Why I’m Bad at Blogging…and Life

Greetings faithful readers!

My last post was in thanksgiving. Since then I’ve worked as the conference administrator for the World Changers Summit, finished our last worldview class, went to work as the classroom director for Summit Ministries’ Colorado student conferences and now I’m sitting in Florida listening to Laurie Jalbert give the final presentation for our first retreat. Plus, my sister had her baby, I bought a car and virtually all of my friends got married.

A lot of life happens in 10 months.

In spite of all this, I’m still compelled to ask: Why am I so bad at blogging? The answer could be that I’m trying to focus, that I was managing almost all of the blog content for the WCS blog (see here), that I need more time. But the truth is that I have trouble writing because I’d rather be amazing than consistent.

There is deep within me a pride that self-edits any attempt at progress to death. If it doesn’t make my socks roll up-and-down instantly then it’s obviously going to be bad and I should obviously just move on.

Meaning, nonsensically, I get embarrassed by work I haven’t done.

So post after post sits half-completed in the draft folder, the semi-good never getting published because it isn’t great; the great never getting published because it’s never written. The irony being that the great will never happen because the great grows from the good.

I fail at blogging because I fail at risking.

The shame of publishing something that’s bad is more painful than the shame of having tumble weeds blow across my humble corner of the internet.

More importantly, I fail at life because I fail at risking.

The shame of committing to something that might not work out is more painful than the the life of safe inertia.

The quiet apathy whispers, “Don’t worry about it” as my eyes close above folded arms and the spirit of the consumer devourse the spirit of the producer.

In that moment, the second hand continues it’s militant circit and my right hand clicks away the talants God gave me to invest.

All is quiet in this square foot of creation because I often think that God is offended by the noise of His own calling.

7 thoughts on “Why I’m Bad at Blogging…and Life

  • September 6, 2012 at 8:35 pm
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    Thanks, David! I am standing at one of those crossroads where the next step is a massive risk… so I really appreciated this reminder that risks are important, and that perfection is often the enemy of accomplishment. As a friend recently reminded me, “Fail early and fail often!” Otherwise we never move, never grow, never produce! So here’s to risks and failures! :-D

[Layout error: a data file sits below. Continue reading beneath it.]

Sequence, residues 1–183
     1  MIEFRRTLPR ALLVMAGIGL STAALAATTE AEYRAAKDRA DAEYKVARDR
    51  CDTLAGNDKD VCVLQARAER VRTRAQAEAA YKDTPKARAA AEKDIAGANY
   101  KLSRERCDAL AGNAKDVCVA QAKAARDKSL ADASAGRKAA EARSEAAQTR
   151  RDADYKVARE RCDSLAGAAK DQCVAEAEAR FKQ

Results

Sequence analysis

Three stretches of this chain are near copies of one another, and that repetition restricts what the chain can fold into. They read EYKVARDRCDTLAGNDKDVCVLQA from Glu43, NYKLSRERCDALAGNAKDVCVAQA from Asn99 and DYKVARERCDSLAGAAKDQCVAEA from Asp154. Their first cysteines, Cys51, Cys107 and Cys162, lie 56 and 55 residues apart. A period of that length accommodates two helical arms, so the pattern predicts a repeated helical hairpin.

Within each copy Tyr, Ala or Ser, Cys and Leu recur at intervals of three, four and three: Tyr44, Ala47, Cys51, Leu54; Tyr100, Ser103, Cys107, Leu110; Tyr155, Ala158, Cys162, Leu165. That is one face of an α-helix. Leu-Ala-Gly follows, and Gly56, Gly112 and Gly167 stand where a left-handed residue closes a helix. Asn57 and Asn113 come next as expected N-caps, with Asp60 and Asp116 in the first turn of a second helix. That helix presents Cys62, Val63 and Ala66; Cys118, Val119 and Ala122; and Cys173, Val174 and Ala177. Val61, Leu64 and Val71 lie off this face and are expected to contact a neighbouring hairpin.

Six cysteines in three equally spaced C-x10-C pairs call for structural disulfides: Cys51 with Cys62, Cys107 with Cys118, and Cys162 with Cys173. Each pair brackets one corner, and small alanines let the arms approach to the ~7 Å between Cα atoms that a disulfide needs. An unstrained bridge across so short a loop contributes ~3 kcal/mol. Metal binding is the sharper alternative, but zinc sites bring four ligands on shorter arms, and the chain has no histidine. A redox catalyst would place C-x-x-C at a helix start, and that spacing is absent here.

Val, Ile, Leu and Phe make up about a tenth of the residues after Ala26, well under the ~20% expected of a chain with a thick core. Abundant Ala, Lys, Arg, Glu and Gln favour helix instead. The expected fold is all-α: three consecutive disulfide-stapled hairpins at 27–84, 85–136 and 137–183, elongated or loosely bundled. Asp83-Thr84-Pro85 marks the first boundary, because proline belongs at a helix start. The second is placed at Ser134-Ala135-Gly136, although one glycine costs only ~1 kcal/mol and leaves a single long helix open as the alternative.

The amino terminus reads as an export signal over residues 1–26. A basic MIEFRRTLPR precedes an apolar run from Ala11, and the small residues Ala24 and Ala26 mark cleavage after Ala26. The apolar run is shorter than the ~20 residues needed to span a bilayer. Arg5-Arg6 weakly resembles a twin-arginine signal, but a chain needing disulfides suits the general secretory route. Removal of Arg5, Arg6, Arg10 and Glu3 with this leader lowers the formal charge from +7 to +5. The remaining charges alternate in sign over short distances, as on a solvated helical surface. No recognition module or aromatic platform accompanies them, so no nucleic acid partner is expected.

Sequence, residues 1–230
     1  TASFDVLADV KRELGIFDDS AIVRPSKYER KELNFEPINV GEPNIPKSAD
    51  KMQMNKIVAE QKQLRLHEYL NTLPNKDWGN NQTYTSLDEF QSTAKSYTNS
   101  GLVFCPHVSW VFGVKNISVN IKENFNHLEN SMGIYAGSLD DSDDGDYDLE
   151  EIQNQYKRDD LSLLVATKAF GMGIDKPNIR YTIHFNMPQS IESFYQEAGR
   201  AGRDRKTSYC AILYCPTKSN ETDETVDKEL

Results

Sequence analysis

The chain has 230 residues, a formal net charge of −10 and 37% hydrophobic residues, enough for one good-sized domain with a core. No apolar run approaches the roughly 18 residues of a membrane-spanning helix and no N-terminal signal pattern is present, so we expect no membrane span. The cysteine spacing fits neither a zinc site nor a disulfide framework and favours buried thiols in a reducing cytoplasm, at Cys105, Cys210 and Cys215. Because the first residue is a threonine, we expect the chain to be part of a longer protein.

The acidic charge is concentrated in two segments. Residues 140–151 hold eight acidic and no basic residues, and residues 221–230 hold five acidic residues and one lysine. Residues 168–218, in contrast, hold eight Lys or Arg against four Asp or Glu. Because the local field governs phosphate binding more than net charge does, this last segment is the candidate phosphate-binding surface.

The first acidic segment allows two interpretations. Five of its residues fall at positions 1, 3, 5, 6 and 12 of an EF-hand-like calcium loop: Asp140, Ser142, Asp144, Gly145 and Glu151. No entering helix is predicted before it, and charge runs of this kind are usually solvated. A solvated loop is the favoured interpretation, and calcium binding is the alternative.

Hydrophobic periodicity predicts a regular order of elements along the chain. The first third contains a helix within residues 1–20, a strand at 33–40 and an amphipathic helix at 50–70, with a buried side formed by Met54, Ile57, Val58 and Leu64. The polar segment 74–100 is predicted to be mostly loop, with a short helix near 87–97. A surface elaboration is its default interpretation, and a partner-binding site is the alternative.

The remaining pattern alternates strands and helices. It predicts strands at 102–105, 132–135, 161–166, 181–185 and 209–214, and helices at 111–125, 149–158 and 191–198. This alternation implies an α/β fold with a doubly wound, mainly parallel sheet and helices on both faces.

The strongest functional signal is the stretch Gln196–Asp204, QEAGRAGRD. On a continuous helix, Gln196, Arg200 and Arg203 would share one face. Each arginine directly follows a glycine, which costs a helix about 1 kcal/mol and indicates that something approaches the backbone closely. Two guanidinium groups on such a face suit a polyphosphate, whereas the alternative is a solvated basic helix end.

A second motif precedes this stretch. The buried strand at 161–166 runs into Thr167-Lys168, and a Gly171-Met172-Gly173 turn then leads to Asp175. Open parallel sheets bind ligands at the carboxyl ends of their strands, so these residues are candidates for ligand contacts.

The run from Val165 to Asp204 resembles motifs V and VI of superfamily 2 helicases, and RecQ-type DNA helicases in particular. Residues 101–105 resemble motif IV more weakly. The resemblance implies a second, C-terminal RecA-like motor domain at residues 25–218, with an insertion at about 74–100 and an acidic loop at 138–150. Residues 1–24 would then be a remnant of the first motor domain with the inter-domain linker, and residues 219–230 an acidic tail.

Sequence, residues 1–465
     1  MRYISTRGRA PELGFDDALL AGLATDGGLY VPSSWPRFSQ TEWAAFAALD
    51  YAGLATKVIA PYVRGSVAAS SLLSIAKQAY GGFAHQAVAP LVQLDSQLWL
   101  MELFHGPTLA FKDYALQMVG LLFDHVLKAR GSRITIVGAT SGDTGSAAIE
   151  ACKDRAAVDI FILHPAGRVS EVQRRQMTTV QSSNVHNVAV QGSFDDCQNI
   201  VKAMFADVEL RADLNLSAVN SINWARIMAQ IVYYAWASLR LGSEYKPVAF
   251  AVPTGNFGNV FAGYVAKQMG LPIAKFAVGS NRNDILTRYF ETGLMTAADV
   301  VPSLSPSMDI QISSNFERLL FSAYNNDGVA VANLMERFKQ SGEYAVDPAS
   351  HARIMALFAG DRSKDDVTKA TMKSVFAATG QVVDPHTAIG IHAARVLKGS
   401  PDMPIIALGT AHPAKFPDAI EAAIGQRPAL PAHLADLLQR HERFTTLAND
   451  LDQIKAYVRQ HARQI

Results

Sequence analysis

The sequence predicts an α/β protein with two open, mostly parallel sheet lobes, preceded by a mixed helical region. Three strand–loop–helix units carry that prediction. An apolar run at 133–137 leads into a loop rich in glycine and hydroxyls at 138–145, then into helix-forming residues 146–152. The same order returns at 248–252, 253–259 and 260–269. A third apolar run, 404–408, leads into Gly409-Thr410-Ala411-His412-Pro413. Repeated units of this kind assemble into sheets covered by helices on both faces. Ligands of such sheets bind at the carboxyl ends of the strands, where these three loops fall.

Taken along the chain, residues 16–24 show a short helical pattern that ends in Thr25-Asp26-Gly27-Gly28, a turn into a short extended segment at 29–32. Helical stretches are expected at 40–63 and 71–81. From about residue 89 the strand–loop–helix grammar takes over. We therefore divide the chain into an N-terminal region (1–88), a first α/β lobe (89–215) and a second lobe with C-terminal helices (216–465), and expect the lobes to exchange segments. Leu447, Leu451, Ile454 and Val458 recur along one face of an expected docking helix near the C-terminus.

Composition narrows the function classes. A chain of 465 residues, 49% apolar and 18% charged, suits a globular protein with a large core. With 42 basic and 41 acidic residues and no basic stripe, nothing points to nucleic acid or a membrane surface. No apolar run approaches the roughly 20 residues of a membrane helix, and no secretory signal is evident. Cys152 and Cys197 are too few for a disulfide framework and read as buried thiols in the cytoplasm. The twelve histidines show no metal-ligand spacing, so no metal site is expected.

• September 7, 2012 at 3:04 pm
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      Hey friend! I totally hear you!

      I’ve been in a very similar situation over the past few months. Some big opportunities have presented themselves and “the fear of failure” has had more than its fair share of influence.

      I toast to your health and prosperity with my eco-friendly Starbucks cup.

  • September 7, 2012 at 8:51 pm
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    Thanks for vocalizing this, David. It’s a very timely reminder to me. This summer I kept getting cold feet about the risks I am taking in life. It’s a struggle to agree to do something that I know I will miserably fail at, apart from God at my side. God knows it’s just what my pride needs though. It’s a battle to not allow my drive for perfection to hold me back. Truly, only God’s grace keeps me forging ahead and loyal to His calling.

    • September 7, 2012 at 9:26 pm
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      Hey T! It’s been too long!

      I agree; we’d do really well to appreciate the irony of how much our drive holds us back.

  • September 10, 2012 at 10:41 am
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    It’s good to see you post again… and I have to echo what Teresa and Katie have said already. I spent all weekend writing a paper about serial verbs in Chinese… it grew to seven pages, and it was a pain to finally cut out examples that I knew would only make the paper longer, even though they might make it more complete. The paper got turned in two days late, and I kept telling myself, “the prof wants the paper, he doesn’t want perfection.” No matter how much I cut back, the process of completion was long. Hope we’ll learn this lesson before too long.

  • September 10, 2012 at 11:42 am
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    Hey buddy!

    Exactly right! I was preparing my sermon yesterday and was planning to do an exposition of a third paragraph (even though I’d already done two), but the moment I cut that entire section, the whole sermon got better (and still went an hour).

    Mr. Harris once said, “The best movies are made on the cutting room floor”.

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